My head is humming with snowmen, meadows and Parson Brown who, in my opinion, has a lot to answer for. A morning of thrift shopping with some of my teenage children revealed that I am wrong – Christmas does start the day after Thanksgiving. In previous years I have compared secular culture and church culture with all the zeal of the righteous but something else has struck me.
If Christmas is about anything, it is about a God who deeply embeds Godself in a culture and a time and a place. The challenge for Christians, especially in this world of fluctuating culture, is to seek out those things which are leading towards the light and love of Christ and to do what we can to bring this Good News of a baby born in a stable to those dark parts of our society which, often, most need to hear it.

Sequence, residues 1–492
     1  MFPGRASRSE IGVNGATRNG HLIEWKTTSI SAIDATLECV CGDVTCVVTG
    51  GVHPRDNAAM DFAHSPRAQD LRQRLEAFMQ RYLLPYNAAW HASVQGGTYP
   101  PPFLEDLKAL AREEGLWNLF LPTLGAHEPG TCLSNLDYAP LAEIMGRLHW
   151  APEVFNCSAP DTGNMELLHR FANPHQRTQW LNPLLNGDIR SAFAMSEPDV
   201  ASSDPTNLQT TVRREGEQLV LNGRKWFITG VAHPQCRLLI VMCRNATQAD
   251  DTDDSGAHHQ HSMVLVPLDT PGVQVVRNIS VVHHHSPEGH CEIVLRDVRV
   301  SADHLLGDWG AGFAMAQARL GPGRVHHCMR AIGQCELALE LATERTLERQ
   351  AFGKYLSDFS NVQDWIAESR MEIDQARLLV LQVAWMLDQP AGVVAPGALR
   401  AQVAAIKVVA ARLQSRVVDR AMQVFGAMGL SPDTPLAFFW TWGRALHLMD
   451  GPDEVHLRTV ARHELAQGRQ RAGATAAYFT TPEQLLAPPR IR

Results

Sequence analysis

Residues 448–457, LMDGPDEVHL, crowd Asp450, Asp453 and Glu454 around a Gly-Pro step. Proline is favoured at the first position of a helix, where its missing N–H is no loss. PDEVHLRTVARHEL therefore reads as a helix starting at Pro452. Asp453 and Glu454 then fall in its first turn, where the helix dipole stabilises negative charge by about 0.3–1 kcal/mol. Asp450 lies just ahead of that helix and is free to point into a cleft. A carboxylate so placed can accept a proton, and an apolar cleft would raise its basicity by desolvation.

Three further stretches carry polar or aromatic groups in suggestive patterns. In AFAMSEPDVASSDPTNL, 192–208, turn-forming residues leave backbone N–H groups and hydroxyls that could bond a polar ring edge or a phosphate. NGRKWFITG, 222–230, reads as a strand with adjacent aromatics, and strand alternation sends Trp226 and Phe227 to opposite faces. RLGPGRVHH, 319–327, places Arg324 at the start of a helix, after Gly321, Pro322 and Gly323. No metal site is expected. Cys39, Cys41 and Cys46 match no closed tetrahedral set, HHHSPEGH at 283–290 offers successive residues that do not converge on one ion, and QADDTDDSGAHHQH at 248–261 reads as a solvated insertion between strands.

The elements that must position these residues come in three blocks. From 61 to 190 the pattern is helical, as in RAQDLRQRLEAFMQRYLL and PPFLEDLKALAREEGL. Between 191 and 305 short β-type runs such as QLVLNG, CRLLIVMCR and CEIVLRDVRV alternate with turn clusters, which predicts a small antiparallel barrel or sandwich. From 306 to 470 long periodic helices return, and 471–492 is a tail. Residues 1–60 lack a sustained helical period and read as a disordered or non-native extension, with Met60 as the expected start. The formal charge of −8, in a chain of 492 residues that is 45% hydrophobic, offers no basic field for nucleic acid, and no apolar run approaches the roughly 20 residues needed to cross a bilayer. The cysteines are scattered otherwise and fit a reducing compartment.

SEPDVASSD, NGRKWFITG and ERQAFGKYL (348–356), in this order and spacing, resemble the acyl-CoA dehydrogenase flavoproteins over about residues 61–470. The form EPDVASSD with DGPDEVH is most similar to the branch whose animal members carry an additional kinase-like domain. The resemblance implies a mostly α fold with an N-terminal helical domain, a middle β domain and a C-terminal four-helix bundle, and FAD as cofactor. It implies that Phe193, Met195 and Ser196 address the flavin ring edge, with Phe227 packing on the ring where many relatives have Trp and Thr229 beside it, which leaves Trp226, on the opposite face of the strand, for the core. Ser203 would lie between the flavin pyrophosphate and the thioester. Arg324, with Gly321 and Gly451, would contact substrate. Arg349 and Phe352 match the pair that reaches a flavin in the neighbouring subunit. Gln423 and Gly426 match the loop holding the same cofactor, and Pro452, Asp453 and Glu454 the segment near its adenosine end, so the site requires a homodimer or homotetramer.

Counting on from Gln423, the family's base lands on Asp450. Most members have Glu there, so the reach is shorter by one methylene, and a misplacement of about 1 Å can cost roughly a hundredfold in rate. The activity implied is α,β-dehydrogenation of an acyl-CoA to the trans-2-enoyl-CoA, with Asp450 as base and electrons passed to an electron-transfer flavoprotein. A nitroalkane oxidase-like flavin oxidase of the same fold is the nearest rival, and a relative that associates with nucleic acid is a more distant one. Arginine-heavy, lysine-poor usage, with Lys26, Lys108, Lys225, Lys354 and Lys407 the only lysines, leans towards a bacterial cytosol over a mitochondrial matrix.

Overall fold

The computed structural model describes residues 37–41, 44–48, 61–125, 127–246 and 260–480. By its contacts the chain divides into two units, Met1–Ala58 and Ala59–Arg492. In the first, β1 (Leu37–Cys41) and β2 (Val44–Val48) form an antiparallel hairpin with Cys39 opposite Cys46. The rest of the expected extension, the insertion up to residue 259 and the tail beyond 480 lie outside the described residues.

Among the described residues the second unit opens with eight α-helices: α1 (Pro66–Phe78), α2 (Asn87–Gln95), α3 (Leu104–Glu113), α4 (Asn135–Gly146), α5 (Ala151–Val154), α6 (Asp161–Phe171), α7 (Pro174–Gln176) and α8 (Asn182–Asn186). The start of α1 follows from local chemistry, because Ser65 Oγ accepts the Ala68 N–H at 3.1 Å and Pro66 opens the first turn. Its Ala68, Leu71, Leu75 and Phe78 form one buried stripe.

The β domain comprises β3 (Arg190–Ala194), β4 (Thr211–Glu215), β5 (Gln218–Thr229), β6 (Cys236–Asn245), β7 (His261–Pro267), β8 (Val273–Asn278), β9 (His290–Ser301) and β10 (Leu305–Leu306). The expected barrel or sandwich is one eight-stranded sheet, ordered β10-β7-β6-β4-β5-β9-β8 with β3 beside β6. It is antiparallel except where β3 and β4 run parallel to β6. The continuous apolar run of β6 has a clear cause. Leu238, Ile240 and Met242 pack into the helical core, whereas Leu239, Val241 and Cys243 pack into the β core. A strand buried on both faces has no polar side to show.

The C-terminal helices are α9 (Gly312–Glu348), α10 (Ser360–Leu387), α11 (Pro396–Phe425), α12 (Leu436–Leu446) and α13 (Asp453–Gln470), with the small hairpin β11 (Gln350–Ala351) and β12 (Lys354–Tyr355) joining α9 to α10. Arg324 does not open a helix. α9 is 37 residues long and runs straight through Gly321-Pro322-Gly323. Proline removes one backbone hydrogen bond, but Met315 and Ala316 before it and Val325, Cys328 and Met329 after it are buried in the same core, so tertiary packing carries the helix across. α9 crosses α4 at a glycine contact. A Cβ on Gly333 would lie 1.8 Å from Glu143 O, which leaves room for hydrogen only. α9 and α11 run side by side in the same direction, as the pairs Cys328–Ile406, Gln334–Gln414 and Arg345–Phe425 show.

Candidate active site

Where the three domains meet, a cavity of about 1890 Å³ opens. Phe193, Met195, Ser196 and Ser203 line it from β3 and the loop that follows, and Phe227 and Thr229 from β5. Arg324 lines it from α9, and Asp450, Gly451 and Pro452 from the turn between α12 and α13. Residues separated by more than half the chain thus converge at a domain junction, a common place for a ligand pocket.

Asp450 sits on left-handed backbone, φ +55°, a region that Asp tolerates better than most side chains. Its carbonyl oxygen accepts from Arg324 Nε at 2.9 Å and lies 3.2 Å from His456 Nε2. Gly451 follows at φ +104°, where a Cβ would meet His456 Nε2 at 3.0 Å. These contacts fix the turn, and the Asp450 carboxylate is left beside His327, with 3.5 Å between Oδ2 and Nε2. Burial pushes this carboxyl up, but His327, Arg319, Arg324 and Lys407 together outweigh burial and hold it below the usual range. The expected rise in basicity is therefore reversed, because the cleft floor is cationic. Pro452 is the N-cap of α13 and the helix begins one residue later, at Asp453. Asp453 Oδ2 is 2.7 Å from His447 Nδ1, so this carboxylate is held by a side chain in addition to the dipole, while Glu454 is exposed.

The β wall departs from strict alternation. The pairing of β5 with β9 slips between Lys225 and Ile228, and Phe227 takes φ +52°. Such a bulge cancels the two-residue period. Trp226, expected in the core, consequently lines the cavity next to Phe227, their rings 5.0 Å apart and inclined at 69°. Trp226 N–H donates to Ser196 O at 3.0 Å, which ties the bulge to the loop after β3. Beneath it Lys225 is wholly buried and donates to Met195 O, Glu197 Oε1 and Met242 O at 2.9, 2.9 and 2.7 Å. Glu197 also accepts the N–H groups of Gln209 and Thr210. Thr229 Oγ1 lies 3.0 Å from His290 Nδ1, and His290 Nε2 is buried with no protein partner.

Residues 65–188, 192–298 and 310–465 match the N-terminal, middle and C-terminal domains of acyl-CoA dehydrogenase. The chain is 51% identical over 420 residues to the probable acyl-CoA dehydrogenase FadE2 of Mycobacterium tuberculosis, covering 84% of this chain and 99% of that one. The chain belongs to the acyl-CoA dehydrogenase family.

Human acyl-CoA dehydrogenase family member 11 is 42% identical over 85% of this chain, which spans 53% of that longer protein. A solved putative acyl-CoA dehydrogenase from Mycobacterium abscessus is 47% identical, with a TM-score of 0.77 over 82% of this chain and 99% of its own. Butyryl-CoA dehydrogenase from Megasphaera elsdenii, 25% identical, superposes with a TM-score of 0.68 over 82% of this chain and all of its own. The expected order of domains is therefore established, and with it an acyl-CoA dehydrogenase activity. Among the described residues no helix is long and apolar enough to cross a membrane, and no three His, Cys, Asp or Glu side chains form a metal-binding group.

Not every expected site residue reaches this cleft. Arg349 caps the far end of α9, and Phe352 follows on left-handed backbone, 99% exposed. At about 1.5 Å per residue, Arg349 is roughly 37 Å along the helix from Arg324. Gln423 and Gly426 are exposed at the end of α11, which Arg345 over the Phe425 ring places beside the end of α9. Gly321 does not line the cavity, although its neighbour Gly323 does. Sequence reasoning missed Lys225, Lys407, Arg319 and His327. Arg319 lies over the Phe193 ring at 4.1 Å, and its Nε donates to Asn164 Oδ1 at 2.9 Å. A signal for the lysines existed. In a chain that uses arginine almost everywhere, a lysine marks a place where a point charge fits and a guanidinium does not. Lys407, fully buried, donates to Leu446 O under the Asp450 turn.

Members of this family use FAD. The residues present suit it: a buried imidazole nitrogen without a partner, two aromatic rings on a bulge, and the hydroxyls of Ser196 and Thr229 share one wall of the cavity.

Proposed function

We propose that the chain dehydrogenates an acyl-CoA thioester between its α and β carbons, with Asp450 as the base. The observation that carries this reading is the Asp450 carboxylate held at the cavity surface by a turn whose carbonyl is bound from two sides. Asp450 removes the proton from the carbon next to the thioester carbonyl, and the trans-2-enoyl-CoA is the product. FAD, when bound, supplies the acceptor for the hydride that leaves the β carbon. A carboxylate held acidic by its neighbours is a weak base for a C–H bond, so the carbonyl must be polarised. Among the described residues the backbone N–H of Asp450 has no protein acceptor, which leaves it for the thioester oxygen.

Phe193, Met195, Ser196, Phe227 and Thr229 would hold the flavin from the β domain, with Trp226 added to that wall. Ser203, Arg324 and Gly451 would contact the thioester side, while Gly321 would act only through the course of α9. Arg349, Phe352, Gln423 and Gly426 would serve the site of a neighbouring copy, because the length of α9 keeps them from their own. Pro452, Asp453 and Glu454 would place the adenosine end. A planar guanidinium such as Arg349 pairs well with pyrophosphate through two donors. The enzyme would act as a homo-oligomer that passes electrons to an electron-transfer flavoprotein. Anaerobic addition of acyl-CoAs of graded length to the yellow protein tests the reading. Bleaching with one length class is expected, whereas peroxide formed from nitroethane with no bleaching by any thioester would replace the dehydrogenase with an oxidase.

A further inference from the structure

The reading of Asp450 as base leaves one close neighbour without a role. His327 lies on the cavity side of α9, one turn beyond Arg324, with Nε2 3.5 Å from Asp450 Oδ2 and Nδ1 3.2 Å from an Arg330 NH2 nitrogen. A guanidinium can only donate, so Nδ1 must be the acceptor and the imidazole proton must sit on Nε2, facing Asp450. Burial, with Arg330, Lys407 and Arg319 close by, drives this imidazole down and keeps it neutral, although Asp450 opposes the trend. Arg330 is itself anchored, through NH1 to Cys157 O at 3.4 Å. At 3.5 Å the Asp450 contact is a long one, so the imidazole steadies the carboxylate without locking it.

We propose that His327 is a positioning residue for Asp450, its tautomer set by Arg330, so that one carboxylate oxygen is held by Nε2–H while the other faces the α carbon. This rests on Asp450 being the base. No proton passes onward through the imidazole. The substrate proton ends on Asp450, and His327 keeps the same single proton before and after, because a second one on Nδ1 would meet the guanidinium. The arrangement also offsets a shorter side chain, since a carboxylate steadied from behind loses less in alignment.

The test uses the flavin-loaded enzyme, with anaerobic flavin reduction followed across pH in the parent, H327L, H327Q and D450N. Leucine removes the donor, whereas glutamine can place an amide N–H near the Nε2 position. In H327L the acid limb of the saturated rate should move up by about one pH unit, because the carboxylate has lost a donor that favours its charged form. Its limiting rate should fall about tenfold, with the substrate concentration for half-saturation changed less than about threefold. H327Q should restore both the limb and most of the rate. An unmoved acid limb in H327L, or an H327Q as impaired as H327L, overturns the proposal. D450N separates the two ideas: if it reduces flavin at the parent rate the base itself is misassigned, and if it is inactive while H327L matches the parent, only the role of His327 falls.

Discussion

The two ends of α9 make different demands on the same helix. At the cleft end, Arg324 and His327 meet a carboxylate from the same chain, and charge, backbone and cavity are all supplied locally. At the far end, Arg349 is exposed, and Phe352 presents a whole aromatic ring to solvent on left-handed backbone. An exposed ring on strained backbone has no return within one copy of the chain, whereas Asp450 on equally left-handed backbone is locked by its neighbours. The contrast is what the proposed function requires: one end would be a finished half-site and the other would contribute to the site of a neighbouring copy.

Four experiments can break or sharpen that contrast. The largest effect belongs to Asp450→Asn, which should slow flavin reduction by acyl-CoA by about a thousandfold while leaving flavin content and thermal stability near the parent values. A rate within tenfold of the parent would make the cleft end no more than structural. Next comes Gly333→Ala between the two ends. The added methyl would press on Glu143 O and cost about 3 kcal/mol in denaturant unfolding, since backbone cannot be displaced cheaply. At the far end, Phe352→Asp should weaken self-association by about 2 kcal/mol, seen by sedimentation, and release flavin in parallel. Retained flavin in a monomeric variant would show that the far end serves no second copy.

Perhaps the message is more about discernment, about understanding glitter and sparkle which reflects life and joy and seeing that which marks deep sadness and death. Christmas, for us, is a tale of the unexpected. Of all those throngs flooding into Bethlehem for the census, who would have guessed Mary and Joseph. God’s ways are not our ways. We cannot abandon the world we are called to live in by slightly pious whining, but we can look at it through God’s eyes. We can journey towards Bethlehem as those who have said “yes”, with great joy, those who carry a great treasure, and those whose eyes are opened,daily, to the world in new and Christlike ways.